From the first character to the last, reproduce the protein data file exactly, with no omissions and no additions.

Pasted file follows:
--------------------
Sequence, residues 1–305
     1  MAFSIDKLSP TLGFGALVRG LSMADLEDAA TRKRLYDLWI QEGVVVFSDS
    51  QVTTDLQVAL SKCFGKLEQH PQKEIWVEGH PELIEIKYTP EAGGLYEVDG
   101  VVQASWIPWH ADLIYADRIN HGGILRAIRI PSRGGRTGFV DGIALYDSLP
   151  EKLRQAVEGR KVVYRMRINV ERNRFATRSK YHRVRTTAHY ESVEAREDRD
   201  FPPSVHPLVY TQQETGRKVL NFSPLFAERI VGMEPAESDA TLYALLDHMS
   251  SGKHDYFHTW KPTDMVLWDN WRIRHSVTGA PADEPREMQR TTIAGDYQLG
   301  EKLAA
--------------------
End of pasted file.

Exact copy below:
Sequence, residues 1–305
     1  MAFSIDKLSP TLGFGALVRG LSMADLEDAA TRKRLYDLWI QEGVVVFSDS
    51  QVTTDLQVAL SKCFGKLEQH PQKEIWVEGH PELIEIKYTP EAGGLYEVDG
   101  VVQASWIPWH ADLIYADRIN HGGILRAIRI PSRGGRTGFV DGIALYDSLP
   151  EKLRQAVEGR KVVYRMRINV ERNRFATRSK YHRVRTTAHY ESVEAREDRD
   201  FPPSVHPLVY TQQETGRKVL NFSPLFAERI VGMEPAESDA TLYALLDHMS
   251  SGKHDYFHTW KPTDMVLWDN WRIRHSVTGA PADEPREMQR TTIAGDYQLG
   301  EKLAA